There are three novellas to be found here. All of them are pretty short—the entire book is a mere ninety-five pages. You could probably get through the whole thing in just a couple of hours. That doesn't leave a lot of room to repeat yourself or stutter your way into early retirement. Gordon's career has spanned numerous creative endeavors and genres. One of his most successful has been poetry, so it's logical that he would be so proficient at knowing how to avoid wasting his time or ours. It's important to keep that poetic influence in mind. Even more so to remember how much of a background Gordon has in music, particularly jazz. When you apply this knowledge to Ghost and Ganga everything becomes a lot clearer. Each of the three novellas enjoys a different approach, but they still retain numerous features that unify them as one impressive body of work. They are all rich in dialogue and a narrative form that often feels more like a free-forming instrumental than something in a strict literary tradition. All three stories also relate what is likely Gordon's personal philosophy on music, love, lust and spirituality, particularly how all of those things tie into each other. Most importantly all three feature two characters who have likely been waiting for a writer like this to come along for years. Imagining Ghost and Ganga haunting a thousand different songs is not unreasonable. At times they don't even feel like new characters. It sometimes seems as though they were around long before their stories were finally put into print.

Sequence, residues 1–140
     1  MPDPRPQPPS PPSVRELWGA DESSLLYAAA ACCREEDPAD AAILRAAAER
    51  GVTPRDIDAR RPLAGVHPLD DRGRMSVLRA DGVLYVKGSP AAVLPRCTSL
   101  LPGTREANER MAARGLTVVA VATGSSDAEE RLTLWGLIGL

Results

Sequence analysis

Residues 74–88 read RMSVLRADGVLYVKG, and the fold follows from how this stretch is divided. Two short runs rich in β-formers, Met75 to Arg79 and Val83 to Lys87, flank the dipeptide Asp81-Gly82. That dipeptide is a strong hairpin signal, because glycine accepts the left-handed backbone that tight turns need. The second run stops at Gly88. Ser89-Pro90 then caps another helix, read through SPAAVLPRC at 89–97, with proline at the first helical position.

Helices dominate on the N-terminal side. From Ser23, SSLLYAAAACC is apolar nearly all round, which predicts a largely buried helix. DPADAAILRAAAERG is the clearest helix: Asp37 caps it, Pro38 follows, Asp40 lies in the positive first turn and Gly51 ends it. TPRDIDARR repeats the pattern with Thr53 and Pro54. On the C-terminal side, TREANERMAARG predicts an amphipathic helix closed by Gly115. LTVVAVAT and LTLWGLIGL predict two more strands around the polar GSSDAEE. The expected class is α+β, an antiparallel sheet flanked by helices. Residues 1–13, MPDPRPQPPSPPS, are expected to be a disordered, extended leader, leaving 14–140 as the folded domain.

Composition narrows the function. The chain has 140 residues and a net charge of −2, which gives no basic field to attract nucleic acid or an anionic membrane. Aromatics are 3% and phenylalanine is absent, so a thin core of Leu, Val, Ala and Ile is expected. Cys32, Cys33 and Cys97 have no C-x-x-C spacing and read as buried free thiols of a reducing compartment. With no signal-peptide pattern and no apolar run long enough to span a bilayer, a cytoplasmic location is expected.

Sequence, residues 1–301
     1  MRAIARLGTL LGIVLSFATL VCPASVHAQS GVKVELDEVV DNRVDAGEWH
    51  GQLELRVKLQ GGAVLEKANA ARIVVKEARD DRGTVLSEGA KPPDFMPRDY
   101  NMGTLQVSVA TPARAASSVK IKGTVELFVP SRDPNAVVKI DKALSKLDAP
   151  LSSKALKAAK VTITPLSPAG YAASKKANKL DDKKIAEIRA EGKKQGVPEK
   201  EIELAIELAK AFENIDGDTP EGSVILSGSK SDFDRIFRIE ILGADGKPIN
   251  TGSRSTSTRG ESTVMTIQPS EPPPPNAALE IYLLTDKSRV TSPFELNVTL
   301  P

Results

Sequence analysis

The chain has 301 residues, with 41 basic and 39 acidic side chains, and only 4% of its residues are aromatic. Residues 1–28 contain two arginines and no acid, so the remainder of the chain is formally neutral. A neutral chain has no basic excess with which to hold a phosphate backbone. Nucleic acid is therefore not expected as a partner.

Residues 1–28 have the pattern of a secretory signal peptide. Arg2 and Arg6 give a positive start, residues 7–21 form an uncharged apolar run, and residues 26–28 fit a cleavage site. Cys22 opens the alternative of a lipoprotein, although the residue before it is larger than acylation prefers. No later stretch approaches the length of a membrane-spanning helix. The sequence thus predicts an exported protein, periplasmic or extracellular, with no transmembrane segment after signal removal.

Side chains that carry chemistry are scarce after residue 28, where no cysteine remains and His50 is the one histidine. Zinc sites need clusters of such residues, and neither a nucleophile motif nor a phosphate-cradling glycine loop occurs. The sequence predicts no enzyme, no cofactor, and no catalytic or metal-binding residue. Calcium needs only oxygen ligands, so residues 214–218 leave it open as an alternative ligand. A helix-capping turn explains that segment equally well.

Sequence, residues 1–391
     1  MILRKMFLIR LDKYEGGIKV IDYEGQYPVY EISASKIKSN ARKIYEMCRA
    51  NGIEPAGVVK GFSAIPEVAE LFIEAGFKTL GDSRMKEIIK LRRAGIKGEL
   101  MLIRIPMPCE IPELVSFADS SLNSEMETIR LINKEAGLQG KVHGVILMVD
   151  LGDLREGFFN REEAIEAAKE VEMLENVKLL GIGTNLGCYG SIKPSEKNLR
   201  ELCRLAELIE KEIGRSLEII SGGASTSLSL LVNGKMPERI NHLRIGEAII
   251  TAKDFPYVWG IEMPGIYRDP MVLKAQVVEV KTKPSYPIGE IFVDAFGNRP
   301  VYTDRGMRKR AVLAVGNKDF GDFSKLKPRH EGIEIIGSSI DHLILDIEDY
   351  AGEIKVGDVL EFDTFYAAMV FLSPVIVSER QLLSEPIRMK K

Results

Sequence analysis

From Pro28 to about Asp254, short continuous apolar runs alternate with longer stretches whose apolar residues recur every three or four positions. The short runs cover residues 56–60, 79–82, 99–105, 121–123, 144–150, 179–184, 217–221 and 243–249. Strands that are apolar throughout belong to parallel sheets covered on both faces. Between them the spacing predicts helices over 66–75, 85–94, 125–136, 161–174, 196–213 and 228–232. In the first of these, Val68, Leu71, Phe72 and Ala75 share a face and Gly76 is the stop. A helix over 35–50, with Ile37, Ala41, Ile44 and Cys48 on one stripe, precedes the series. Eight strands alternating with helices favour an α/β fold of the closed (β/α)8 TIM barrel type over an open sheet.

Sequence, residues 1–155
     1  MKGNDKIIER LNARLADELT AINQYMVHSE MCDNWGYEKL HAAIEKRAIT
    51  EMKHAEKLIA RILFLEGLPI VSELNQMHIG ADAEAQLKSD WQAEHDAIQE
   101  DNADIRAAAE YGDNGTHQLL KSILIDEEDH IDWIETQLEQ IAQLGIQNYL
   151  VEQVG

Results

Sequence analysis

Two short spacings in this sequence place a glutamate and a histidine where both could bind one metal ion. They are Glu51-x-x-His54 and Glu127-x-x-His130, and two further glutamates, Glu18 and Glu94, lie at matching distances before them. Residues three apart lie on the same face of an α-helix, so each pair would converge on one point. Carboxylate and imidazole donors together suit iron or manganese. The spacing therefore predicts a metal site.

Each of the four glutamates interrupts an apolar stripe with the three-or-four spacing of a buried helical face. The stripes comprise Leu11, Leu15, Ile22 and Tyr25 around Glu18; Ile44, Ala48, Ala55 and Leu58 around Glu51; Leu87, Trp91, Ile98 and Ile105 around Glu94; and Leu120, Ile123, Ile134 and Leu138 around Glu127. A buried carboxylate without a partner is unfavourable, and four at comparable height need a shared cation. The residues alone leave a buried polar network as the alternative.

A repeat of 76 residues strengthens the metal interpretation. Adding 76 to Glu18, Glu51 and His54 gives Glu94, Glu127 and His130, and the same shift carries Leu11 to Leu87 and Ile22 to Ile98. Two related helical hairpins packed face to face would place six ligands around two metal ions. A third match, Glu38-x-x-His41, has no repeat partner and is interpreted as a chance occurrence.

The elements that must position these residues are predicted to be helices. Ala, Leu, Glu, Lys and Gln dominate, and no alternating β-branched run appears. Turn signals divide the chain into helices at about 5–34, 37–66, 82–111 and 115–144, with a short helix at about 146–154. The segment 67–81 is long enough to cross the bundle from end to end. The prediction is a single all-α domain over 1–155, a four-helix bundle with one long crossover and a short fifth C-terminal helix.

Ganga is the focus of "Ganga Runs the Voodoo Down", "Raid Kills Bugs Dead" and "Come Sunday." She is Gordon's heroine and focal point for his perspectives and attention to such a creative, original form. Our introduction to her is certainly memorable. When she greets us at the top of "Ganga Runs the Voodoo Down" she is already so far into her own world that it seems impossible that we could ever catch up to her. Dressed as Billie Holiday, draining beers like a drunk after twenty years on the wagon and discussing a recent hostage situation she created with a local DJ, she is already a well-devolved, richly fascinating character. We get more information as the story progresses and then moves on into the other two. By the end we have more than enough back story, motivations, personality traits and opinions to give Ganga (and Ghost to a lesser extent) all the depth she needs. It almost doesn't seem necessary. Gordon is so confident in the strength of his character and her story that it feels like he simply steps aside and lets her run the show. Of course that's not the case. There's no doubt that Gordon is a tireless perfectionist who probably spent eons carefully constructing Ghost and Ganga. He doesn't make any of the stories seem overly complicated in their execution. He doesn't have to because it reads so well that we assume it came easy to him. What needs to be kept in mind is how expertly he constructs Ganga. Very quickly he establishes her identity and tells us everything essential to who she is and what we can expect from her. The entire book is like that. Every sentence, every flurry of dialog between two characters (the exchanges between Ghost and Ganga in first novella are quite possibly the highlight of the entire thing) is carefully made to look like it's moving much faster than it really is. In reality Gordon is giving us everything in those ninety-five pages that another writer would give us in five hundred and ninety-five. This is perhaps most distinct in "Ganga Runs the Voodoo Down." It may well be the most accessible and enjoyable of the three, which is saying a lot. Each page is a frantic car ride through crisp dialogue, surreal imagery and tense eroticism. At no point does it relent or even relax. You're going to be pulled in at the first page. There's no question of that. Don't be surprised if you find yourself overwhelmed by the proceedings more than a few times. That should be half the fun.